Rules vs. a mongrel language

Native speakers of English may not recognize it, but our language is incredibly difficult to master. Difficult to read. Difficult (maybe more difficult) to pronounce correctly. I do not envy speakers of other languages, particularly languages such as Mandarin and Japanese, which have a lot more innate purity and order than English, trying to learn this mongrel tongue.

A lot of the difficulty is because English borrows words from everywhere. So we have the French-derived silent-t words chalet and ballet sitting side-by-side with hard-t words like millet and billet, which got Anglicized when they transitioned from Old French to Middle English more than 1,000 years ago.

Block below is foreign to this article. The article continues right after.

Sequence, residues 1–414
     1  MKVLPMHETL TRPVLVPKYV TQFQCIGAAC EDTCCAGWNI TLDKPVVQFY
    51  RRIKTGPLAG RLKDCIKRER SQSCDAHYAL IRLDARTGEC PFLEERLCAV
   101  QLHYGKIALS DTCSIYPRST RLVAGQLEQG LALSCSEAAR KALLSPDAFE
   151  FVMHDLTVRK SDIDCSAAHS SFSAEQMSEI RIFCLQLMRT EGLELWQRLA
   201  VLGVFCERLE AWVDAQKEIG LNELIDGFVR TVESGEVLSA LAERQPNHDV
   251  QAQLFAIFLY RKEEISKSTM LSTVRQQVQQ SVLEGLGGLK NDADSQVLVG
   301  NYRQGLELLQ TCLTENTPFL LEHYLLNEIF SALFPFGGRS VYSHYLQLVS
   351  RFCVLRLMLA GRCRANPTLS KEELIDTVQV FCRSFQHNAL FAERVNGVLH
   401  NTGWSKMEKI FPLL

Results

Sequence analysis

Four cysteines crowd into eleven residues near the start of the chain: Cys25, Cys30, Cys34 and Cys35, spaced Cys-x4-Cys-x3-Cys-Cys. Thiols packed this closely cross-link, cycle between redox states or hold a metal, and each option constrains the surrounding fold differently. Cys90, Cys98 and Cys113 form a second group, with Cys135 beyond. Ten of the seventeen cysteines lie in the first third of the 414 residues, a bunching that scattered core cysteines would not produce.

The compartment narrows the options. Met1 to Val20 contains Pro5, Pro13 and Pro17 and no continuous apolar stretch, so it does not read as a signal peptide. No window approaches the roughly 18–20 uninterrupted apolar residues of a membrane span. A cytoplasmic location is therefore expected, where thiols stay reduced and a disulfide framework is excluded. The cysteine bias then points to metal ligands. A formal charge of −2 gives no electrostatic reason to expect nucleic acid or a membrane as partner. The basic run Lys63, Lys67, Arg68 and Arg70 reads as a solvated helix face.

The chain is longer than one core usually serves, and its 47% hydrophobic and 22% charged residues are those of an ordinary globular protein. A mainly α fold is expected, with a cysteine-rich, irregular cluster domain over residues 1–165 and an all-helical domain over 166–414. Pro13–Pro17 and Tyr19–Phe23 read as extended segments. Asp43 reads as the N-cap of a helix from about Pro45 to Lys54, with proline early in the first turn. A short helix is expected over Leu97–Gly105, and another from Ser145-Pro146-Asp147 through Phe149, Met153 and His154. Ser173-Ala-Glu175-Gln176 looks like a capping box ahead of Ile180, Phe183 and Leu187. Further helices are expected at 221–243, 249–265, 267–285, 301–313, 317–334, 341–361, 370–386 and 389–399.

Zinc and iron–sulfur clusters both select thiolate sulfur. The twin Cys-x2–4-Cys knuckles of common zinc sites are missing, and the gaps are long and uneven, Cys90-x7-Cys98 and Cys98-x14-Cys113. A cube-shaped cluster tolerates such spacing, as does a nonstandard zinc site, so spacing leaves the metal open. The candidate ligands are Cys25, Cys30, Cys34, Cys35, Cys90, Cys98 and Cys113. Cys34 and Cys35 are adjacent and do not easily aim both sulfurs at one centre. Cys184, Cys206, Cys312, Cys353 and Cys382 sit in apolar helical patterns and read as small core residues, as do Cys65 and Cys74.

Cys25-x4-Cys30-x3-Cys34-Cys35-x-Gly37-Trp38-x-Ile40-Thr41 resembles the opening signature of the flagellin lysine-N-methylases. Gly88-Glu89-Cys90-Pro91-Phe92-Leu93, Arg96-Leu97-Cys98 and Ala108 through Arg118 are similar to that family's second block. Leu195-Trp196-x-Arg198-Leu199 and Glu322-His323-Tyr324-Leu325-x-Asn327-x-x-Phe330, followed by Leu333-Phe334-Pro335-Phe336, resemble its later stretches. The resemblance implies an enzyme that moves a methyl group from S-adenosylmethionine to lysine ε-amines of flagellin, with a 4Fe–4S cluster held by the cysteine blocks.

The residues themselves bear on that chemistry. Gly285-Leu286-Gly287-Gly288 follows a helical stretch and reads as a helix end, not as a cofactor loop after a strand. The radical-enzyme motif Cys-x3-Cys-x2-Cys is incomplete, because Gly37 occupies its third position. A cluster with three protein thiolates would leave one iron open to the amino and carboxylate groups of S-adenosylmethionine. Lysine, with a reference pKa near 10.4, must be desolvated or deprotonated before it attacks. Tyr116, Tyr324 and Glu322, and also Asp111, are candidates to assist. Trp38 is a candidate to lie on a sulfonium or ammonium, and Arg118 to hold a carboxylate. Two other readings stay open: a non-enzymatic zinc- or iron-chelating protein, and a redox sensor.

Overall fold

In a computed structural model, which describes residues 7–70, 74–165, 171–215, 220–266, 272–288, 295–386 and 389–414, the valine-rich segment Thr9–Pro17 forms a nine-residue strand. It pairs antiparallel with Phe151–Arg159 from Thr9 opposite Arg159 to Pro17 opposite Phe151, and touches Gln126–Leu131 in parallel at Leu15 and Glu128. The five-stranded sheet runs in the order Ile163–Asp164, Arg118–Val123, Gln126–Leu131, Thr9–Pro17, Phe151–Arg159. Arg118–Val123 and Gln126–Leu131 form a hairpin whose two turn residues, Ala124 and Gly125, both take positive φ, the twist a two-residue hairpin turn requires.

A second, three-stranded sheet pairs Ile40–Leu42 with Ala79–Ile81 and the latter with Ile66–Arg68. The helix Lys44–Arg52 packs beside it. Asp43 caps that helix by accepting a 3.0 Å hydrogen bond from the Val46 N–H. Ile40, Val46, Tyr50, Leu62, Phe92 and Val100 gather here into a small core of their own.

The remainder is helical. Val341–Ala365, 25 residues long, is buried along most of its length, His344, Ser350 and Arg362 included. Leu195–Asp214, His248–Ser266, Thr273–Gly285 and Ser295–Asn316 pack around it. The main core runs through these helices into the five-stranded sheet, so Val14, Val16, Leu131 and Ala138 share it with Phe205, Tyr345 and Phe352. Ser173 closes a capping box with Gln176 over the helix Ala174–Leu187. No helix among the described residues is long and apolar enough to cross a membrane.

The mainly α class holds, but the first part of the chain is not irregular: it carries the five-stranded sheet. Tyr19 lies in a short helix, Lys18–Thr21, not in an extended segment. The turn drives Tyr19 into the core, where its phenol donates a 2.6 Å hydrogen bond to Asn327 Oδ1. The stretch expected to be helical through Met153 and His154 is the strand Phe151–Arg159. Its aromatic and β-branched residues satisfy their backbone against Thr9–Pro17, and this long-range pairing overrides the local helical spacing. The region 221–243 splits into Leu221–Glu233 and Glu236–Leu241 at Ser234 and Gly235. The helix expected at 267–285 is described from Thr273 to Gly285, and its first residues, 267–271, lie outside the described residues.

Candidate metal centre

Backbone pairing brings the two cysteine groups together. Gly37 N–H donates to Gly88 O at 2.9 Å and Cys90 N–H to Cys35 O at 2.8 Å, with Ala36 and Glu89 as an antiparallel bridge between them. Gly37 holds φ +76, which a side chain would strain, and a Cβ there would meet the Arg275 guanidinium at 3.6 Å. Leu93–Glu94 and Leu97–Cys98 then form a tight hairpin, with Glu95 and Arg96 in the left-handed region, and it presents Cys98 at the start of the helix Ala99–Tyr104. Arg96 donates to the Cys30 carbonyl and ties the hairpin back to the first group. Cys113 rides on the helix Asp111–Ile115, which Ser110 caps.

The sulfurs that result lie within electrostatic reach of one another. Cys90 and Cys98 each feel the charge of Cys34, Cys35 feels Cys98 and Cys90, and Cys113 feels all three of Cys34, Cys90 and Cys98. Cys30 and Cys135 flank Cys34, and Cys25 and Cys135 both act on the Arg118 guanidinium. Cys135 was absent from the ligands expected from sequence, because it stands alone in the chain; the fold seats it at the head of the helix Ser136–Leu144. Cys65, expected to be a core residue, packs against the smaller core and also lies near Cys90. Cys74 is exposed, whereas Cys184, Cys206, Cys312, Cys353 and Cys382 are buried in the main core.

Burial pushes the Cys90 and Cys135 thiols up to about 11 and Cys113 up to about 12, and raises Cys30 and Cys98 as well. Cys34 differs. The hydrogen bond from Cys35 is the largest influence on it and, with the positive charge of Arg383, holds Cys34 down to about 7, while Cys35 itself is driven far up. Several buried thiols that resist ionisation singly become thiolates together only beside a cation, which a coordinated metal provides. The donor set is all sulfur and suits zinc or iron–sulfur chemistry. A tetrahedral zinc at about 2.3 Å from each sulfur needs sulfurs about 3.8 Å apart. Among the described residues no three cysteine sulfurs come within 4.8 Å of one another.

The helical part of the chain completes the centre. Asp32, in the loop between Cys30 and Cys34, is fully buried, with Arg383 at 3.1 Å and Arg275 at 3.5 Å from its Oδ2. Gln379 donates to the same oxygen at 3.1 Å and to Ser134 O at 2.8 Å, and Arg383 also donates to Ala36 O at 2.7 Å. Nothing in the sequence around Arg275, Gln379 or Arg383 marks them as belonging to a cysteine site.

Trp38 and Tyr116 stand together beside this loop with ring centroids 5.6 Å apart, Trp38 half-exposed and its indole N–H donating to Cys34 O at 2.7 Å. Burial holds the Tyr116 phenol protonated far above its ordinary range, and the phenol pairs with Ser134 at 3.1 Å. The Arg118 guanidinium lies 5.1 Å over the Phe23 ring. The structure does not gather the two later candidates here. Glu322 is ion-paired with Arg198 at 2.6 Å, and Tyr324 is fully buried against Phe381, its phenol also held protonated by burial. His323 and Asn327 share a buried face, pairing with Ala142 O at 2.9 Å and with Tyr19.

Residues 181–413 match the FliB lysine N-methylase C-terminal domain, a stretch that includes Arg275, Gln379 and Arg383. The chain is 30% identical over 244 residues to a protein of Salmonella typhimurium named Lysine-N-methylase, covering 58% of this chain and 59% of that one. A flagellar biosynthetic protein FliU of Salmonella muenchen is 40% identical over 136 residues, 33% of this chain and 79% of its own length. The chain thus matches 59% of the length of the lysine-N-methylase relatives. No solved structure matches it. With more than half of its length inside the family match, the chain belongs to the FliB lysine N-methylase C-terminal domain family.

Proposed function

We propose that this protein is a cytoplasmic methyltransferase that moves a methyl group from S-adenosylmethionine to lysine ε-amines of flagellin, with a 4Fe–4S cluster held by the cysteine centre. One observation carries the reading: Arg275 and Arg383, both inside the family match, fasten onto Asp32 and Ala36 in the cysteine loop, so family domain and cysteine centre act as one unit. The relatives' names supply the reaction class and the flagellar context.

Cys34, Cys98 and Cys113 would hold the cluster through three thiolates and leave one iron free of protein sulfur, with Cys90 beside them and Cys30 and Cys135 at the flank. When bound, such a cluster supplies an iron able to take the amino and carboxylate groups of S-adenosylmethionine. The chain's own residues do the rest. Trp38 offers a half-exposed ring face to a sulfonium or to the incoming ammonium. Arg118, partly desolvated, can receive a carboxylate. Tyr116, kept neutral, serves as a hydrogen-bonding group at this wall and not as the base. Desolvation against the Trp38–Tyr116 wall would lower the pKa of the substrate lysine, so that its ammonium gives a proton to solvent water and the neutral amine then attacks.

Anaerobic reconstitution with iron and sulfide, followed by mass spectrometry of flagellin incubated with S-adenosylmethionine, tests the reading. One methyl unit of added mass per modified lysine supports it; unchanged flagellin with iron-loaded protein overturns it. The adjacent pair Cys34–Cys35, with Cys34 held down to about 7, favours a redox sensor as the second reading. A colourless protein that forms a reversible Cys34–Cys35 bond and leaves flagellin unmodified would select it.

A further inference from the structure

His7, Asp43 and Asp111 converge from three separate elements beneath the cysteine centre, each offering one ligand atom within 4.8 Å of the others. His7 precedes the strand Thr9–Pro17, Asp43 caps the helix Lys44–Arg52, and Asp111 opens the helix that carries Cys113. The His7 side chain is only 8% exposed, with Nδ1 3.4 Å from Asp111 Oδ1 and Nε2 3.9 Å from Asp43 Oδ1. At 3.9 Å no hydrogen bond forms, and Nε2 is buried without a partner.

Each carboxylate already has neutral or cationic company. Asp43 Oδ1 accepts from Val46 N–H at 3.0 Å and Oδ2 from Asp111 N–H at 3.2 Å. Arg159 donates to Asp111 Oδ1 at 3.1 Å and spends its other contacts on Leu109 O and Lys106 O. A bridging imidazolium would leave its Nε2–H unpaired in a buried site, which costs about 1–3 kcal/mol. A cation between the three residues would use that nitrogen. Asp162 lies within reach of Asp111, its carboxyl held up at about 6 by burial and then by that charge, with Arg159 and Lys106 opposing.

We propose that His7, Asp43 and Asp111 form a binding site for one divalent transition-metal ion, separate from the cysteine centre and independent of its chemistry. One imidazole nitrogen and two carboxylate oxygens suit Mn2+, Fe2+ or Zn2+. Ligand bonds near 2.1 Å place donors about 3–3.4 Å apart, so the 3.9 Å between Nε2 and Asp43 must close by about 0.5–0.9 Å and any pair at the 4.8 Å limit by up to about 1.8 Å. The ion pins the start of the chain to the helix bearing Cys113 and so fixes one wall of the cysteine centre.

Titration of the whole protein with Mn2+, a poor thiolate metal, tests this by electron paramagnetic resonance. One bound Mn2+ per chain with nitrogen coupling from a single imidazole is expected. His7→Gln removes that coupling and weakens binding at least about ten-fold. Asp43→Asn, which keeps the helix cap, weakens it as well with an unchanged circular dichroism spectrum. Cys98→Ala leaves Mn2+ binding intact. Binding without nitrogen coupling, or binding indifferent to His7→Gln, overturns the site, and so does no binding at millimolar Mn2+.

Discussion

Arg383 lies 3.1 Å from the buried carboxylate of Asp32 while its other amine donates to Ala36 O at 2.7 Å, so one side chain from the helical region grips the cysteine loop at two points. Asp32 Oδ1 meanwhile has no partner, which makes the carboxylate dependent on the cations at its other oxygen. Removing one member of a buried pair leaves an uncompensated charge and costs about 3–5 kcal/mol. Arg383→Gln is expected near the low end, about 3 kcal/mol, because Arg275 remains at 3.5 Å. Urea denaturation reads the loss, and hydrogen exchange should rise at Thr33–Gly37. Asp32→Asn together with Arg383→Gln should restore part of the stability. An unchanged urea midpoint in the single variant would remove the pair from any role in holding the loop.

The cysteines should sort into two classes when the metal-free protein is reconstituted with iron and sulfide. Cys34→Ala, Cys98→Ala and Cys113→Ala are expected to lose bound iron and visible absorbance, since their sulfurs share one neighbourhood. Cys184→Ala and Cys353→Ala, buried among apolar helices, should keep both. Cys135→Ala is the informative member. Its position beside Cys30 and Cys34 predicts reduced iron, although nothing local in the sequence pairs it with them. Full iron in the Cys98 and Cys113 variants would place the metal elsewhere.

While rules of grammar and usage can be tricky, and while (as I mentioned yesterday) those rules can be bent or broken at times in the service of compelling copy, simply understanding the rules of how a word is to be read, understood and pronounced can be a pain in itself.

To illustrate, read this poem which popped up in my Facebook feed today. Apparently, according to the clickbait headline, if you can read every word correctly you will be speaking English better than 90 percent of the English-speaking population.

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